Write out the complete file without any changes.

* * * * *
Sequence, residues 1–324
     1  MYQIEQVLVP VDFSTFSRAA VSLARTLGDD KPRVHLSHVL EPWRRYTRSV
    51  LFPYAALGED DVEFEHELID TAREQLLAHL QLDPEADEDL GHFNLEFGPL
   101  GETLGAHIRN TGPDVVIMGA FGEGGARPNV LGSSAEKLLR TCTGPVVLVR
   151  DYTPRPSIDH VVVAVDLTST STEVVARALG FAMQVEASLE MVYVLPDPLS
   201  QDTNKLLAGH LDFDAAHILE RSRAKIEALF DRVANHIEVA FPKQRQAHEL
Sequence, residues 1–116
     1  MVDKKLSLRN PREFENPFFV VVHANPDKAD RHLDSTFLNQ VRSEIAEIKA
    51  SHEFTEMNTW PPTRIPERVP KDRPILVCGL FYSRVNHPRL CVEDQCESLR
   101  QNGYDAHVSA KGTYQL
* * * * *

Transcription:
Sequence, residues 1–324
     1  MYQIEQVLVP VDFSTFSRAA VSLARTLGDD KPRVHLSHVL EPWRRYTRSV
    51  LFPYAALGED DVEFEHELID TAREQLLAHL QLDPEADEDL GHFNLEFGPL
   101  GETLGAHIRN TGPDVVIMGA FGEGGARPNV LGSSAEKLLR TCTGPVVLVR
   151  DYTPRPSIDH VVVAVDLTST STEVVARALG FAMQVEASLE MVYVLPDPLS
   201  QDTNKLLAGH LDFDAAHILE RSRAKIEALF DRVANHIEVA FPKQRQAHEL
Sequence, residues 1–116
     1  MVDKKLSLRN PREFENPFFV VVHANPDKAD RHLDSTFLNQ VRSEIAEIKA
    51  SHEFTEMNTW PPTRIPERVP KDRPILVCGL FYSRVNHPRL CVEDQCESLR
   101  QNGYDAHVSA KGTYQL